If you decide to undergo a debt management plan as part of your debt counseling program, this will show up on your credit report in the form of a comment on each account that's part of your debt management plan. This is because debt management plans involve negotiating with your lenders and often altering your original agreement. These comments typically won't change your credit score, but future lenders will be able to see them.

However, if a lender, after negotiation through the debt management plan, decides to mark your account as settled, there will likely be a negative effect on your credit score.

The most important thing you can do for your credit while undergoing a debt management plan is to make sure you never miss a payment. If you don't understand exactly when your debt counseling organization will take over payments on your behalf, a payment could get lost in the transition, which could lower your credit score significantly.

Where to find debt counseling services

The best way to find a certified debt counselor who will put your interests first is to go through one of the two major nonprofit debt counseling organizations: National Foundation for Credit Counseling or Financial Counseling Association of America. Both organizations offer financial counseling with a focus on debt relief, credit report review and homeownership counseling. The U.S. Department of Justice also maintains a list of government-approved credit counseling agencies that can be searched by state.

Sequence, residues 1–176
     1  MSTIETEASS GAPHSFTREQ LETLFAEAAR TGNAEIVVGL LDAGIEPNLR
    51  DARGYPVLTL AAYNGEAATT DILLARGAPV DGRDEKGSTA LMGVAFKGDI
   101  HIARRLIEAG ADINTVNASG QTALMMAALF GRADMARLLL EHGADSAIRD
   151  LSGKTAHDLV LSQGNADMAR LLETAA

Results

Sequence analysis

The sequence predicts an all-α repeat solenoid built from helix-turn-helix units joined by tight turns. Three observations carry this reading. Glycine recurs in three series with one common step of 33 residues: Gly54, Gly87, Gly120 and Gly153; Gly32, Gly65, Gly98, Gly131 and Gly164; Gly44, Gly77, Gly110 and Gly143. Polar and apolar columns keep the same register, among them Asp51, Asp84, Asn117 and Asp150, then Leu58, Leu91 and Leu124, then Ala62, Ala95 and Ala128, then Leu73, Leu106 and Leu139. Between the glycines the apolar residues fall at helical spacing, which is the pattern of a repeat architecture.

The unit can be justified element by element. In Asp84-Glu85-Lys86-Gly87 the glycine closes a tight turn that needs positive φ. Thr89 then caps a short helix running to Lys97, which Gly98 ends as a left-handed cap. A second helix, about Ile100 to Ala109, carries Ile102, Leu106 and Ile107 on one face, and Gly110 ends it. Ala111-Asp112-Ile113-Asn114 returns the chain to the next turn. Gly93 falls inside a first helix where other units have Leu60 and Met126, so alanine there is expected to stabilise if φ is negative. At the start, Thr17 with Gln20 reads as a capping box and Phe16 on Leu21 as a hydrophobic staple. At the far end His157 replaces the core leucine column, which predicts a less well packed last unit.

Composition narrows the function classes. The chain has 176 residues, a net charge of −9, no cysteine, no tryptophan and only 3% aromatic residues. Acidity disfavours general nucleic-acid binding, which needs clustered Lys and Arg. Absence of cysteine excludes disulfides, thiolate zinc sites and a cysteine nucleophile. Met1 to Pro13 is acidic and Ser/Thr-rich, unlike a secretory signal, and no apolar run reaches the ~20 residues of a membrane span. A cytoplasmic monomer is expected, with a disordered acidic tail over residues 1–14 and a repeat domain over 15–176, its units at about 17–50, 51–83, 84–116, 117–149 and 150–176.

The NFCC and FCAA are made up of a network of accredited member agencies throughout the country, so you can use either organization to find a certified, trustworthy debt counselor near you.

Take caution when seeking out debt counseling services

Scams and predatory practices are not uncommon, especially when dealing with financially vulnerable people. Never offer personal information or money before receiving information about the organization and what they do. If it feels like your debt counselor is pushing you into a debt management plan without educating you about other options, that may be a sign to seek counseling elsewhere.

Finally, debt settlement is not the same thing as debt counseling. Debt settlement companies are for-profit companies and often advise risky behaviors that can increase your debt load and hurt your credit.

Should you use debt counseling services?

Going through debt counseling with an accredited nonprofit agency can be a low-risk way to explore your options and get your financial situation under control. However, the decision to enter into a debt management plan shouldn't be taken lightly. While it can lower your monthly obligation and make your debt more manageable, debt management plans also have the following drawbacks:

  • You may have to pay a fee.